Enterprise Resource Planning software is a large scale business management solution designed to orchestrate processes across an entire organization, from product planning, to manufacturing, marketing and sales, inventory management, fulfillment, accounting, and even human resources in some cases. Although inventory management is only one element of ERP, many large companies—and even smaller companies with globalized networks—are attracted to ERP for its comprehensive approach and company-wide visibility. Inventory management within ERP starts with materials planning and asset management in manufacturing and extends to warehouse management, detailed accounting, revenue recognition, and powerful analytics.
Case Study: Vineland Estates Winery7
Vineland Estates Winery produces 80,000 cases of wine each year from its 150 acre vineyard in the heart of Ontario’s Niagara wine country. The wine they produce is shipped to over a dozen countries and served in the vineyard’s tasting room and restaurant. The industry is governed by a number of agencies and regulations, including 11 separate taxes assessed on the vineyard’s products. Vineland Estates uses Sage 300 to ensure compliance with these regulations, as well as manage inventory, fulfill orders, calculate fair-value pricing, and automate orders for their exclusive Wine Club. Vineland Estates’ president, Allan Schmidt, has listed a number of key benefits of using Sage 300:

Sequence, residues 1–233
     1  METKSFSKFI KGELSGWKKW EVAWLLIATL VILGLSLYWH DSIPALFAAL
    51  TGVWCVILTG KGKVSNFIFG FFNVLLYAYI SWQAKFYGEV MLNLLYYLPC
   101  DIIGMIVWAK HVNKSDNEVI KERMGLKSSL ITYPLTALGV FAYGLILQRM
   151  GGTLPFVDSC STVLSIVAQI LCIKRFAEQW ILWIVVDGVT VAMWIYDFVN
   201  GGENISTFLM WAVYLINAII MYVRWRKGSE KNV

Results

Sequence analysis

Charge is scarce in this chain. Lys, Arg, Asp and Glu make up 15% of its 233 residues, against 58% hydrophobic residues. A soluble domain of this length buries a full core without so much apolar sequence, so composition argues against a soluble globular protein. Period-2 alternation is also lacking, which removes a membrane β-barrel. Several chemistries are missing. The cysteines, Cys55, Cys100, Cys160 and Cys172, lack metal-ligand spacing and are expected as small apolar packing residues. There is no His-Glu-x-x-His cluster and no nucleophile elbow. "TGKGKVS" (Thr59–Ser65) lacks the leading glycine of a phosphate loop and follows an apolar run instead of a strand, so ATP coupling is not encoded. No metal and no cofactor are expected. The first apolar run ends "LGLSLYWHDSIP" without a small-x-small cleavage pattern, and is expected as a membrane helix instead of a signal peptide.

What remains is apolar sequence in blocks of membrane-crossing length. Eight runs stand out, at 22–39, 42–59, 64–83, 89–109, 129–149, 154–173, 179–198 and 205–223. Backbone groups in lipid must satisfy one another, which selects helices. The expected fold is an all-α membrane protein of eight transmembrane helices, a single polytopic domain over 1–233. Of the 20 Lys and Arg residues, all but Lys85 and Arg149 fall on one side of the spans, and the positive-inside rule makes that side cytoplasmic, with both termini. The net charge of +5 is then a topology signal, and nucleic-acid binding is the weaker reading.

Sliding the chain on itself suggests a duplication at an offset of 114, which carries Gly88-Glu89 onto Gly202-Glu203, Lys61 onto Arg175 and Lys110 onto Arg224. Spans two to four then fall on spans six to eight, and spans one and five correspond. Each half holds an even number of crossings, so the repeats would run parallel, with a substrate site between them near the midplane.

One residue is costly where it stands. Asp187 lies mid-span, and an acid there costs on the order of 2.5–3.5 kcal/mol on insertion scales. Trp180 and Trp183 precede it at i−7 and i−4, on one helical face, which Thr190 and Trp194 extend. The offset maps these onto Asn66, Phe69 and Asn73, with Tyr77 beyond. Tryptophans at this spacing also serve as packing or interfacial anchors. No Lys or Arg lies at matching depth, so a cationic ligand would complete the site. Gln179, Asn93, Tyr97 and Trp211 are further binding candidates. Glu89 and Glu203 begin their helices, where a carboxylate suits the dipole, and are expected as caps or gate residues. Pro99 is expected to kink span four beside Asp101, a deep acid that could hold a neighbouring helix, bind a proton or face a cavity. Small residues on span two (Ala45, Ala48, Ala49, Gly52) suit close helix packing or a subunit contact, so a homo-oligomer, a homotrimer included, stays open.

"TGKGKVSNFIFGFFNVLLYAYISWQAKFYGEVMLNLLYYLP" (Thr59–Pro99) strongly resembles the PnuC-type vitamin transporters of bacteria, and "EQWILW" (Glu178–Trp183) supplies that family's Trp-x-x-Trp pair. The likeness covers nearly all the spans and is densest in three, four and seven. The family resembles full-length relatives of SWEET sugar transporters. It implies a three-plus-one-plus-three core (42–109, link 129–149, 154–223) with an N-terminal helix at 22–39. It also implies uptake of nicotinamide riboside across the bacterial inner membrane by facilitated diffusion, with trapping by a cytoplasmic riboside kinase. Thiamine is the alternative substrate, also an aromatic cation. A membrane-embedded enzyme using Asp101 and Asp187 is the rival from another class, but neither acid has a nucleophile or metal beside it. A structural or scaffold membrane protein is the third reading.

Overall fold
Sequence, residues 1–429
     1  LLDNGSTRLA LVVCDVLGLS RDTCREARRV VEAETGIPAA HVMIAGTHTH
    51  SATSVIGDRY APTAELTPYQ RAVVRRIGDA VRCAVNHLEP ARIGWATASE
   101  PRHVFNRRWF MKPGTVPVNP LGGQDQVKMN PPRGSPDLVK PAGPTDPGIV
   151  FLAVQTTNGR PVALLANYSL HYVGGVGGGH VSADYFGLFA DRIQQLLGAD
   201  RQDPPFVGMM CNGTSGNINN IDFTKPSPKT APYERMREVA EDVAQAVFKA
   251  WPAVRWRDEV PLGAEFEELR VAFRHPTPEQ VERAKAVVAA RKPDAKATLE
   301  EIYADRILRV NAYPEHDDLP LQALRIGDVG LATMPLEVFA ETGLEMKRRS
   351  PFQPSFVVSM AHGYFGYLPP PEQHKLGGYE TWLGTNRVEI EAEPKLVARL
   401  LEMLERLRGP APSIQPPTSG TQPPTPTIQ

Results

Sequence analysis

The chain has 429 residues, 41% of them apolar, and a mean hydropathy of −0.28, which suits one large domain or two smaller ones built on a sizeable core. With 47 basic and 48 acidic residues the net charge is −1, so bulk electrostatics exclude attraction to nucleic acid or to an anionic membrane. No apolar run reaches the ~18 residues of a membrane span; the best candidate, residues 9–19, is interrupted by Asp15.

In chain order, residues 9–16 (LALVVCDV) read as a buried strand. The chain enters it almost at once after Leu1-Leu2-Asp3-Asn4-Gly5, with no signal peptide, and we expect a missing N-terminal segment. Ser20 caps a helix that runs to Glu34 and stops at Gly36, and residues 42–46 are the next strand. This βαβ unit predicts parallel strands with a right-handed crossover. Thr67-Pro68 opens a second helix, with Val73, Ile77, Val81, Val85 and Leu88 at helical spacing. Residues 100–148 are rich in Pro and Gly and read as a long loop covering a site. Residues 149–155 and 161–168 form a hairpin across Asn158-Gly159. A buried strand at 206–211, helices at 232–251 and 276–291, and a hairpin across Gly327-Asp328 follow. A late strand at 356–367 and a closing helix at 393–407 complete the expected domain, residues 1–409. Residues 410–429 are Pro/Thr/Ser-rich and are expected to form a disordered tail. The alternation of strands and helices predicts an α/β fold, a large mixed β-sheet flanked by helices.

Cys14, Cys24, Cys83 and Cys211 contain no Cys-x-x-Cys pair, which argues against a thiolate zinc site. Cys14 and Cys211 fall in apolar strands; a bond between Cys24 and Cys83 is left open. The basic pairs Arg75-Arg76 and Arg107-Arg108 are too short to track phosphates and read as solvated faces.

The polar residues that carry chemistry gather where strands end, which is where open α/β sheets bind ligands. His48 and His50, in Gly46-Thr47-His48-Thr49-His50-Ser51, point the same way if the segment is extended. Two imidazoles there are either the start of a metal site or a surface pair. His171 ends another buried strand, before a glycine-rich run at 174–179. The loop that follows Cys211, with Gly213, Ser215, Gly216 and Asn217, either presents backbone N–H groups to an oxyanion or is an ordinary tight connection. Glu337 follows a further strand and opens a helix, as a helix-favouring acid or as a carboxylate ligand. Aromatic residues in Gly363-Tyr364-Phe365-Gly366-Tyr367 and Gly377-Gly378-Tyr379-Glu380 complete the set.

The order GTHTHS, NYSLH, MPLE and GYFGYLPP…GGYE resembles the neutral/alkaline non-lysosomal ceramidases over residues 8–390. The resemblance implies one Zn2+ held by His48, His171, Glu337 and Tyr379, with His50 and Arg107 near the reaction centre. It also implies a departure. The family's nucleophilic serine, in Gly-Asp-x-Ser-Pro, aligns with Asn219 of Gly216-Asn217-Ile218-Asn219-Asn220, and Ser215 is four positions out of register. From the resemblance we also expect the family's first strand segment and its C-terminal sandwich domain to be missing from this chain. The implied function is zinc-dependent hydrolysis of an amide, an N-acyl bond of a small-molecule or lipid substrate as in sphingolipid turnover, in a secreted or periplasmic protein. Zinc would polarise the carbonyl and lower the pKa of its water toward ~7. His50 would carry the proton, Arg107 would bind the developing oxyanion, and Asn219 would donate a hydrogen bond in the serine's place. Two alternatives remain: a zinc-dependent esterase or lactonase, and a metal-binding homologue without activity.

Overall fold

- Access to real-time inventory numbers
- Mobile access for salespeople
- Order processing time cut from seven days to two hours
- Ability to process 100 or more orders each day with a small staff
- Total efficiency savings of 20-30 hours per month
- Tax audits take less than two days, instead of six days
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- Dolinsky, Anton. “Inventory Management History Part Four.” Almyta Systems. Accessed January 18, 2015. http://www.almyta.com/Inventory_Management_History_4.asp
- “Benefits of Inventory Management.” Boundless. Accessed January 16, 2015. https://www.boundless. com/finance/textbooks/boundless-finance-textbook/working-capital-management-18/inventory- management-129/benefits-of-inventory-management-531-5154/
- Brandel, William. “Free Up Cash.” Computerworld. Accessed January 19, 2015. http://www.computerworld. com/article/2549533/it-industry/free-up-cash-.html?page=3
- Customer Stories: “The Office Coffee Company.” Brightpearl. Accessed January 20, 2015. https://www. brightpearl.com/resources/customer-stories/office-coffee-company
- “Supply chain management software.” Wikipedia. Last modified January 4, 2015. http://en.wikipedia.org/ wiki/Supply_chain_management_software
- “Our Customers: IGX Global.” FinancialForce. Accessed January 20, 2015. http://www.financialforce.com/ customers/success-stories/our-customers/?customer=igx-global&product=scm
- “Vineland Estates Winery Toasts the Merits of Sage 300 ERP.” Sage. Accessed January 20, 2015. http:// na.sage.com/~/media/site/sage-300-erp/responsive/success-stories/sage-300-erp-success-vineland.pdf